One of the limitations of conventional Canadian conceptions of reconciliation is the underlying assumption that reconciliation applies, virtually exclusively, to relationships among peoples. There are, however, other dimensions to reconciliation that are equally important from an Indigenous point of view. As Mi’kmaq Elder Augustine suggests, “other dimensions of human experience—our relationships with the earth and all living beings—are also relevant in working towards reconciliation” (TRC 2015a, 122). Indigenous conceptions of reconciliation extend beyond people to the natural world and are informed by direct relationships to the Land.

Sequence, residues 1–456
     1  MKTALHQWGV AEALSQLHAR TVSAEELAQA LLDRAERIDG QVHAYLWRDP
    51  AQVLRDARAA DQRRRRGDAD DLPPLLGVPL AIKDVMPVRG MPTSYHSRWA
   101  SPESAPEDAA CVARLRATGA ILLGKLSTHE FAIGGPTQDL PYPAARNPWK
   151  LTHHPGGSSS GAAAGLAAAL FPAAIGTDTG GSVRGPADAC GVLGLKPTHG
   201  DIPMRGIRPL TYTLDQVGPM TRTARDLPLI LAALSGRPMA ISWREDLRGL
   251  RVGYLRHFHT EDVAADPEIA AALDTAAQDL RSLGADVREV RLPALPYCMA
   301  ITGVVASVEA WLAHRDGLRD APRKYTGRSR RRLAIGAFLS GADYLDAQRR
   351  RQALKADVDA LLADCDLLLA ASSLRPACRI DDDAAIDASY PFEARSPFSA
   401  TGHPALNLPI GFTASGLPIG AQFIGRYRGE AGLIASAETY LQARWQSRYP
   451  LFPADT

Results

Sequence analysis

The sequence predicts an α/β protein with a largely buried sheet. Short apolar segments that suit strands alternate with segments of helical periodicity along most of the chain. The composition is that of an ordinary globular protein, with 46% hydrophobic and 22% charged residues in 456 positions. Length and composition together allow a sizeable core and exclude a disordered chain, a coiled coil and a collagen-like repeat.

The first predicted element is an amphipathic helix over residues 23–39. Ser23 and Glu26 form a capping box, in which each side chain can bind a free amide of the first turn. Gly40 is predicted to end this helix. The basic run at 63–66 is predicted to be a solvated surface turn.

In this chapter. an Anishinaabe scholar, living in her own Lands, and a settler planner, moving across the Land, further explain how Land, Spirit and, more fundamentally, relationships have endured through time and can offer profound insights if one can learn to relate to the People and Land. This relation is explored through an examination of the Land Acknowledgement.